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Jose Ambriz, with Thoutt Bros. Concrete Contrators Inc., works to backfill a set of stairs while doing construction on condos near the intersection of Pearl and 23rd streets Wednesday in Boulder.
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Unemployment in Boulder, Broomfield and Weld counties was down in September to 2% each, according to a report from the Colorado Department of Labor and Employment released Friday.

These are preliminary numbers and have not been seasonally adjusted. This means they don’t take into account changes that predictably happen every year, as jobs in a variety of sectors vary seasonally. For example, some teachers find a second job during the summer when they’re not in class, while others live off of any summer paycheck they might receive from the school.

Adjusted numbers take that into account, so that it doesn’t appear that there’s a significant change in the labor force at the beginnings and ends of each school year. Typically, only statewide numbers are seasonally adjusted.

Alexandra Hall, chief economist for the state’s Department of Labor and Employment, says that because no county-level data are seasonally adjusted, it’s better to compare them to the same month from the year prior, to minimize expected seasonal fluctuations. It’s also more accurate to compare county-level data to unadjusted state data.

In the year since September 2018, Boulder County unemployment dropped by almost one percentage point, from 2.9%. Broomfield County unemployment dropped by exactly one percentage point, from 3%. Weld County also dropped by one percentage point, from 3%.

Since September 2018, Boulder and Weld counties have experienced a net gain in jobs. Despite losing a few hundred in sectors like manufacturing and finance, Boulder has a net gain of 5,300 jobs. Weld has seen a net gain of 2,800 jobs. The two counties are considered Metropolitan Statistical Areas, meaning that they are analyzed in more detail.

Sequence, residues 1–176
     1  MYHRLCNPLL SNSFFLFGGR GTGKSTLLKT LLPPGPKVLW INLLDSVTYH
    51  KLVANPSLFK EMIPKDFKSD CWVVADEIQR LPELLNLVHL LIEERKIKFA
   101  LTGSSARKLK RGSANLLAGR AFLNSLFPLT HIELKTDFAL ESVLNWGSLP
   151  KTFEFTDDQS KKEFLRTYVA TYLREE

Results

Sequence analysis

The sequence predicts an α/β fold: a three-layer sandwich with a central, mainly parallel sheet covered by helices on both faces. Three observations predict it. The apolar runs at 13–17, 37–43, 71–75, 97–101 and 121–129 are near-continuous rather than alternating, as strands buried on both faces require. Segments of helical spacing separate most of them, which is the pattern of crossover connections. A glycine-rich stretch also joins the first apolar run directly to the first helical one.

Hall characterized both of these counties’ growth rate as a “modest pace,” which is a good thing. Right before the 2014 oil bust, she and other economists were concerned that industry difficulties would lead to a significant drop in employment in Weld County. But Greeley “held its own” and has diversified their job field in recent years, whichserves as protection against economic shock in any one industry.

Boulder’s industry breakdown has not changed dramatically in recent years, according to Hall, staying focused around “knowledge-based” jobs. However, there has been some activity in oil and gas jobs, as well as construction and a wide range of industries.

“Our economy is at a stage where there’s a lot we have to look out for,” Hall said. “There’s always something to be wary of, something that could be a negative economic influence.”

Statewide, adjusted unemployment was at 2.7%. This is down one tenth of a percentage point, from 2.8% in August. Unadjusted unemployment was at 2.2%.

The data come from two sources. One is a household survey, which all occur during a given week of the month. This survey only measures whether a household’s members are employed, unemployed and actively looking for work, or unemployed and not looking. It doesn’t pay attention to the kinds of jobs residents have, so someone who self-employs or works a so-called “gig economy” job such as driving for Lyft or Uber could still count themselves as employed. In sum, it can estimate how many people are employed.

The other source is a survey of businesses, which covers about seven times the number of households surveyed. This survey asks for the number of jobs on a company’s payroll and sums that up for the total number of jobs that exist in a given city, county or the state.

But this doesn’t always match up as a one-to-one ratio with the household survey. About 6% of Coloradans actively participating in the labor force hold multiple jobs, according to Hall.

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